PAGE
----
28. Pittsburgh Steelers: RB Najee Harris, Alabama
With Ben Roethlisberger announcing he'll return for the 2021 season, the Steelers don't have to rush the pick of a quarterback. And that's good news because the top players are all off the board. Instead, they'll address a backfield that's been a disappointment in the running game.
29. Buffalo Bills: IOL Wyatt Davis, Ohio State
The Bills' interior offensive line has been a bit of a puzzle this year. Davis would stop the shuffling by securing the right guard spot for the next five years or more. He's powerful, smart, agile and the type of ass-kicker the Bills will love up front.
30. New Orleans Saints: LB Chazz Surratt, North Carolina
Demario Davis is among the Saints' most valuable players, but how much longer can he play? Finding a suitable replacement with three-down skills won't be easy, but Surratt has shown that and can slide into Dennis Allen's defense early on.
31. Green Bay Packers: WR Rashod Bateman, Minnesota
A wide receiver in Round 1?! It will happen, and Aaron Rodgers will rejoice. Bateman isn't a speedster, but he has a big frame, a massive catch radius and excellent yards after the catch ability.
32. Kansas City Chiefs: IOL Alijah Vera-Tucker, USC
General manager Brett Veach will do two things no matter the cost: protect Patrick Mahomes and give him weapons to whom to throw. Last year's first-rounder, Clyde Edwards-Helaire, was a weapon. This year's will be a protection piece who will be a plug-and-play Pro Bowl candidate at guard.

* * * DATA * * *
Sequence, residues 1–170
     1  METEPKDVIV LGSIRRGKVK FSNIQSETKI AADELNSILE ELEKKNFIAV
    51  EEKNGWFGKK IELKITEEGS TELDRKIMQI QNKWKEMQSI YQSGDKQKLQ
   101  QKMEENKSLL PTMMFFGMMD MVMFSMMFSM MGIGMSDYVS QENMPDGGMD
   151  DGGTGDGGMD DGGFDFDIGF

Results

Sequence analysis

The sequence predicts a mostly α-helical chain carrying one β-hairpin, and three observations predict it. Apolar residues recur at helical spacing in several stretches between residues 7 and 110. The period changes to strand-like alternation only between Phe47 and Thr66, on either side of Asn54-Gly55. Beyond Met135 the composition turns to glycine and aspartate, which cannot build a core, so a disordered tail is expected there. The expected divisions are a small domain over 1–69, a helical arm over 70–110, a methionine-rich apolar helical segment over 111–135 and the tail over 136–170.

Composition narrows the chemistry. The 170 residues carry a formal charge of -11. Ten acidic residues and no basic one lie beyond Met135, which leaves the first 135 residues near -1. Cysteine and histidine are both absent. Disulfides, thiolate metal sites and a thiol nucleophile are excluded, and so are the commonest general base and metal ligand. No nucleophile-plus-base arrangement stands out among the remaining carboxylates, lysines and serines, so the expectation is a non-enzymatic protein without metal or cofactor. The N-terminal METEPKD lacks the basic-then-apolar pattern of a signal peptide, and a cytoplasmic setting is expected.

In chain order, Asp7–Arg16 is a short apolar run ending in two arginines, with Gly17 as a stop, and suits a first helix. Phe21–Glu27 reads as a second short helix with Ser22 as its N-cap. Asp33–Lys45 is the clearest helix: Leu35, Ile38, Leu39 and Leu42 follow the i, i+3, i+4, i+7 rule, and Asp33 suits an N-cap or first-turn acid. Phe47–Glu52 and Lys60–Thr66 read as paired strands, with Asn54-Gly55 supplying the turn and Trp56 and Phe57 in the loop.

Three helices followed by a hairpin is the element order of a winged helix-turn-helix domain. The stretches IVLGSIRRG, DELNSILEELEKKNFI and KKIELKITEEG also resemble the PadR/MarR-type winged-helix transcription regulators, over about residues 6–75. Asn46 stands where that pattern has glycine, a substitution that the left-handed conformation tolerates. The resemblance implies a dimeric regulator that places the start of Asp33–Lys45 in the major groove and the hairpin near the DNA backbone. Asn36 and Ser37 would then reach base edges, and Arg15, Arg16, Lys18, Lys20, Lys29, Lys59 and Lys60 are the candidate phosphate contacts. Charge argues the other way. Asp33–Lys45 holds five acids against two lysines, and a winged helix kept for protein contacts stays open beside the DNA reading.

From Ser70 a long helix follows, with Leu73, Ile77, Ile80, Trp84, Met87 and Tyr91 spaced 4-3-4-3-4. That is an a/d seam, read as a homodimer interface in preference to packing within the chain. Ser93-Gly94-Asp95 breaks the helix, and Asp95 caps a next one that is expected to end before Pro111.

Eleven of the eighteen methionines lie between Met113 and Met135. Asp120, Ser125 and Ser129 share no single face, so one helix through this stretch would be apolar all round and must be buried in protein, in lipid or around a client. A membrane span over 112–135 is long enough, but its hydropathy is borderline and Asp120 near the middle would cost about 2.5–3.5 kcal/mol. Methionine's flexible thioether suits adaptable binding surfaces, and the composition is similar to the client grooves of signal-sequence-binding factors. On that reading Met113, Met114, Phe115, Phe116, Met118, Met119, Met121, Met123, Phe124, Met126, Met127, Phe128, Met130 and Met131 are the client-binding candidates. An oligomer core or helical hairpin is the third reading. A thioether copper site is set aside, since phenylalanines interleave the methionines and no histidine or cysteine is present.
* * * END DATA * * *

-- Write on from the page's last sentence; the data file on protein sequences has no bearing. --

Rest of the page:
The Scout's Report
—Justin Fields' draft stock is one of the hottest topics around the league. The Ohio State quarterback has jaw-dropping physical abilities, but against the best defenses he's faced, issues with decision-making and processing speed have been notable concerns. Fields' five interceptions against Indiana (one wasn't on him) and Northwestern will concern scouts. Is he trying to do too much? Is he seeing the field? Given the decline of Carson Wentz this year with similar issues, teams must thoroughly vet Fields' day-one ability and his aptitude for improvement. Fans shouldn't anoint or automatically insert Fields as the No. 2 quarterback in this class. Not yet, at least.